The development of knowledge of cell biology integrated with those of bioengineering has recently opened new perspectives in the field of tissue engineering has established itself, which proposes the use of the cells in the laboratory for the construction of artificial biological tissues to be used as a substitute for damaged ones in result of disease or trauma. This would help solve the problems of reduced availability of organs for transplantation and the risk of graft rejection derived from the donor. The association of cells with biocompatible and biodegradable materials is leading to the production of engineered tissues transplantable. The actors involved in the scenario biotech tissue regeneration are basically three: the cells, signaling molecules and biomaterials .
To ensure the maintenance of the function of the implanted cells using a material or scaffold that acts as a scaffold to guide the three-dimensional organization of the cells in the final construction. The scaffold , synthetic or natural, must be able to support the growth and differentiation of cells, ie it must recreate the more possible the microenvironment characteristic of the fabric that you want to replace. Once transplanted, it will perform the function of guide in tissue growth, before being completely resorbed. For the preparation of the plant to be transplanted, the cells are derived from a fragment of the healthy tissue of the patient to which you want to reconstruct the damaged tissue; follows the combination between the cells and biomaterial appropriate, in the presence or absence of signal molecules necessary for proper cell differentiation. Recently aroused great excitement in the scientific community as a resource in the stem cell regenerative therapy due to their ability to give rise to different cell types depending on how they are stimulated.
The process by which a relatively non-specialized cell becomes a very specialized is called 'differentiation' and affects both the embryo is an individual adult. During embryonic development, many cell types are generated from the fertilized egg cell, to get the range of cells that characterize the adult subject. The route followed by each embryonic cell differentiation is fundamentally dependent on the signals it receives from the environment; the latter, in turn, depend on the position of the cell in the embryo. As a result of the differentiation of different cell types acquire different shapes and express specific proteins: for example, the skeletal muscle cells contain contractile proteins particular, plasma cells are specialized for the production of antibodies, etc.. The differentiation processes continue in the adult body in those tissues that are subject to continuous renewal (eg., Hematopoietic cells).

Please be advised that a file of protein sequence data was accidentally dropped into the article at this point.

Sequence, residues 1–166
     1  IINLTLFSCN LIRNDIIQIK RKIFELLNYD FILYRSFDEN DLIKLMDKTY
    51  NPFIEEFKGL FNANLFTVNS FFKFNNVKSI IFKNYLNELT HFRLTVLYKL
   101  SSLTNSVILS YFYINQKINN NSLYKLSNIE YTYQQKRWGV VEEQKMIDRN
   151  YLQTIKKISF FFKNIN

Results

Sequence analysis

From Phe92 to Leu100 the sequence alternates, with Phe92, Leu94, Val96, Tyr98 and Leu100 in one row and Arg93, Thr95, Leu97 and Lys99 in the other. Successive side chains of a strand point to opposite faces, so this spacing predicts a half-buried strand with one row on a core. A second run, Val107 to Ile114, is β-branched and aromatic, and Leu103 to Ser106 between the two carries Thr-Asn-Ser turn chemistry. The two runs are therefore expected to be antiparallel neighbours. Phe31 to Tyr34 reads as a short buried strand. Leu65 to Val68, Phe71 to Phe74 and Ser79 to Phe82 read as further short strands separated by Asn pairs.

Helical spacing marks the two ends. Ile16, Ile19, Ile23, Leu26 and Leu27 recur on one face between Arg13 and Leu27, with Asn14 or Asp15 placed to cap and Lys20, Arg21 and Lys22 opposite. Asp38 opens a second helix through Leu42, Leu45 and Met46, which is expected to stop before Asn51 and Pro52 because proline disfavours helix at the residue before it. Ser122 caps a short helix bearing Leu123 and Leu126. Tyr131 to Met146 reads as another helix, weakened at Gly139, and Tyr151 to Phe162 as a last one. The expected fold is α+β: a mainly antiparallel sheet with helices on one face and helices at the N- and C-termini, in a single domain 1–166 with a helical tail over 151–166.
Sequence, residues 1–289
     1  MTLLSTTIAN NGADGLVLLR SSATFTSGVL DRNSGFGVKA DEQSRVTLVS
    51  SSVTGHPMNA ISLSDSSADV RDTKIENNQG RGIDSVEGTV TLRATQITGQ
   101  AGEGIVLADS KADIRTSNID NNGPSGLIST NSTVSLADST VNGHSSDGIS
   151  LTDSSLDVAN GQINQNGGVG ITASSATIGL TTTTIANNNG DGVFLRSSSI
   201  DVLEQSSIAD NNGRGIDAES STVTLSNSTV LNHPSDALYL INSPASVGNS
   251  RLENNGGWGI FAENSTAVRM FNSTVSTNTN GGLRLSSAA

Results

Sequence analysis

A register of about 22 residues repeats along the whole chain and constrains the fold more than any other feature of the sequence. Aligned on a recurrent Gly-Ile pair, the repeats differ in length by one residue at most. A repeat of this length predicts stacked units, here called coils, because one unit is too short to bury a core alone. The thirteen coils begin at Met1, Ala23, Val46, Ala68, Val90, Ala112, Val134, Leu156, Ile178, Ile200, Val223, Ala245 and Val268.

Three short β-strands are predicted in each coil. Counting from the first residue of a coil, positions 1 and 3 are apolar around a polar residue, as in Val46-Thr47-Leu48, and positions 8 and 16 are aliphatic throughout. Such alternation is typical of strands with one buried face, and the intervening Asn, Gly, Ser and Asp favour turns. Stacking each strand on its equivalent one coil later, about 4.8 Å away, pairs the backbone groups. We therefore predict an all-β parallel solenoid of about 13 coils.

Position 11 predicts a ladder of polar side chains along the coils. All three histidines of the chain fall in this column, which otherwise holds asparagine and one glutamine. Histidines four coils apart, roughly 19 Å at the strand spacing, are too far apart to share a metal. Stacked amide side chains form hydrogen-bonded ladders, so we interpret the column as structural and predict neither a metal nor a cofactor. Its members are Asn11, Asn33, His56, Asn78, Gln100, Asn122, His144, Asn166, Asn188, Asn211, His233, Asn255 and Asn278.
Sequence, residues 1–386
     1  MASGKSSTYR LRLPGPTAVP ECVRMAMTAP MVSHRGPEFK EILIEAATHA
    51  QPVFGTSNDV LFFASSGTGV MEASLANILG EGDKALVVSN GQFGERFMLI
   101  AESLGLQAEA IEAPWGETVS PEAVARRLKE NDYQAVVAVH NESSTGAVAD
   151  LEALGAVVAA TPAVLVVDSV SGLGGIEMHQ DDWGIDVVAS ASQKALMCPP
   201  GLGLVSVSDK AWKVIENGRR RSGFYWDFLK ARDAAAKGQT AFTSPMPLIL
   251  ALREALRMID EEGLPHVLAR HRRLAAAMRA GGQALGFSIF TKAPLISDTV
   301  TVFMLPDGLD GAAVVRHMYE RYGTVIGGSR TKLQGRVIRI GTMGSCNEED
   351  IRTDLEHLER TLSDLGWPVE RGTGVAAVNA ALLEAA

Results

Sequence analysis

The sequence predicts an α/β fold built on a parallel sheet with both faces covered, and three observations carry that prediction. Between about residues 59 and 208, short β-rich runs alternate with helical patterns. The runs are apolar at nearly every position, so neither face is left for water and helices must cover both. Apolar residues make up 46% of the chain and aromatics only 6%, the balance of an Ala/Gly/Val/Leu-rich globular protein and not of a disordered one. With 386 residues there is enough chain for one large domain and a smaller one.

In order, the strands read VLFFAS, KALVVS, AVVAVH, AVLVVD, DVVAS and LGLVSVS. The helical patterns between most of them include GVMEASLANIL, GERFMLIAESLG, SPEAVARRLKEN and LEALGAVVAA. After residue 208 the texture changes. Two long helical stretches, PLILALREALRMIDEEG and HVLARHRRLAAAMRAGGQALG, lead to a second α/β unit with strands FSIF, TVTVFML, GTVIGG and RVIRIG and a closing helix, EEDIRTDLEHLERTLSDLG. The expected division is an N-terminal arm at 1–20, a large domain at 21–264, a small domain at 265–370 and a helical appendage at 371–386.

Each fabric is renewed with its characteristic rhythm, thanks to the presence of stem cells undifferentiated which help keep constant the number of cells in the tissue. Stem cells are defined as undifferentiated cells capable of self-renewal, that is, to produce cells similar to themselves and to generate cells destined to differentiate. They therefore represent a reservoir of cells which the body draws to ensure the renewal of cell tissue death. An example of a stem cell is provided by the hematopoietic stem cells of the bone marrow, capable of giving rise to all cell types of the blood. The adult contains different types of stem cells, which give rise to the cells of the organs in which they are located. Recent studies have however shown that certain adult stem cells have plasticity, ie they are able to differentiate in cell types other than those of the tissue of origin.